Every single trip to Skaggs Alpha-Beta was punctuated with my quick dash to check out the comics while my mom was in the check out line. The goal was to grab a new one, quick, before they finished tallying the groceries.

And we knew about Austin Books, down on North Lamar. It's still there, cleaned up, now a massive example of what a comic shop SHOULD be. But then it was a dingy hole of a shop, a place the mothers would drop us off and let us go root through long boxes in our endless search for back of X-Men and Batman.

But you had to ask for a ride to the shop, you know? It was way down on Lamar, and my mother (ever willing to humor her two geeky kids) was still only willing to go down there once every few months.

In the mid-90's, the business model changed. 1) Diamond Comic Distributors became a monopolistic titan, the only way comic companies (large and small) could get their comics out to market. 2) Someone on the magazine racks figured out that they could make more money selling a $7.00 copy of Maxim than a $2.00 copy of X-Men.

Comics also decided that, if they were to be taken seriously, they must abandon the news stands and be available only in bookstores, like respectable books, or in comic shops, like, uhmmm... Well, it was a place to go buy comics where the clerk wouldn't raise her eyebrows as your comic passed over the electric eye. "Aren't you a little old for the funny books, sweetie?"

The chilling effect on the comic book industry has been staggering.

Essentially, a generation of kids was told they were not welcome to get involved. Comics were a commodity available only in specialized shops, usually off the beaten path, and certainly not a place your average mom or dad was already travelling to pick up a newspaper and a Slurpee. And believe me, I've seen the horrified looks of the mothers when they walk into the shops... they eye the pictures of the mostly naked warrior girls, with ridiculous proportions, and why, exactly, would a mother think leaving her kid alone with cartoon porn seem like a good idea..?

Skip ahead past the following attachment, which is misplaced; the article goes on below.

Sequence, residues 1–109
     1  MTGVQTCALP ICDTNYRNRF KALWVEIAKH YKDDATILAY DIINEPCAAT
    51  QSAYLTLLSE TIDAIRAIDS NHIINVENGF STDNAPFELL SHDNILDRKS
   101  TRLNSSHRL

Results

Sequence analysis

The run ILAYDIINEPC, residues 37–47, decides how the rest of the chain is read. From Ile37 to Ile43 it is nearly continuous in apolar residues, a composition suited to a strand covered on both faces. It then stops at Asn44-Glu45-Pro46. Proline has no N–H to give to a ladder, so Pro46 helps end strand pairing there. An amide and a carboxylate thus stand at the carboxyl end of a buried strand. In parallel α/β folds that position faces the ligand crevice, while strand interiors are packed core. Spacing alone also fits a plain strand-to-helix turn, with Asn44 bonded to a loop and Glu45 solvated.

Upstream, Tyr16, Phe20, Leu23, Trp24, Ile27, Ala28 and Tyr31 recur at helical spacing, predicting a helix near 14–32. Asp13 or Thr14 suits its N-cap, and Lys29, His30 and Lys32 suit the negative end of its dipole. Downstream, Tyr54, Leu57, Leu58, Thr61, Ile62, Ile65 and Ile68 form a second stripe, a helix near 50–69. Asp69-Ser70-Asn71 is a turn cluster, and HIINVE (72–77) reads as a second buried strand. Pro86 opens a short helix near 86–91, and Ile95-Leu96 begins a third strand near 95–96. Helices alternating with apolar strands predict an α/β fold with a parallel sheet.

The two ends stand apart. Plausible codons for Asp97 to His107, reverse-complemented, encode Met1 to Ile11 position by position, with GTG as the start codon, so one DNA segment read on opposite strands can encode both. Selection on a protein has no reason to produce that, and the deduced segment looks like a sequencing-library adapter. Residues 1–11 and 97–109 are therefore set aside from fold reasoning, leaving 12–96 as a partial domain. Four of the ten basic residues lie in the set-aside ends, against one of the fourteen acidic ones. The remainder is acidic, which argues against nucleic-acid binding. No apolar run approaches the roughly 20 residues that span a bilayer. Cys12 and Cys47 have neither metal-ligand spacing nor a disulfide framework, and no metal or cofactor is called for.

Simply put, readers are drifting, and no new readers are replacing them. At one point, Action Comics sold around a million copies each time it published. The numbers today are around 36,000 each issue. That's horrible. That isn't the sign of a healthy industry which can sustain itself. Make fun of the Silver-Age all you want, but back then they were selling the heck out of comics at drug stores and news stands.

With movies like Spider-Man out there, and Spider-Man selling t-shirts, underwear, costumes, video games and every conceivable outlet for the Spider-Man logo... why weren't the publishers making sure the original product was at eye level for 8 year olds to pick up? Flooding the comic shops is selling to the choir. Hoping people who already love Spider-man will pick up Spider-Man is redundant.

But Marvel is learning. Marvel, who had led the charge at the turn of the millenium to ensure comics were an ADULT medium and drove teh market mostly into direct market resale, is now taking a step back in the face of ever dwindling sales. Marvel is going into Barnes and Noble, and Marvel is going into 7-11's all over again.

And while even your standard faire of Batman and the X-Men might need to drop a few profanities to make the world safe from over-anxious mothers again, it's fantastic for the industry as a whole.

Regarding the usual screams of disapproval from loser fanboys trying to ensure comics are only for them and not for kids... As always, Heidi says it all better than me...

According to Newsarama, the Marvel Adventures line will spearhead the move into the 7-11s. The line, aimed at younger readers, is not popular with comic book fans. Nor should it be -- it isn't aimed at them. The Millarworld thread I alluded to in a previous entry was largely given over to the usual argument over whether kids will read these books, whether kids read comics, etc etc etc. To which I can only say...


So, start looking for comics as they pop up in magazine racks once again. Look for them at the grocery and at the airport. Hopefully DC and other companies will follow suit and the fate of comics will be taken out of the hands of fate as created by us geeks and put back into the world of kids discovering them for the first time.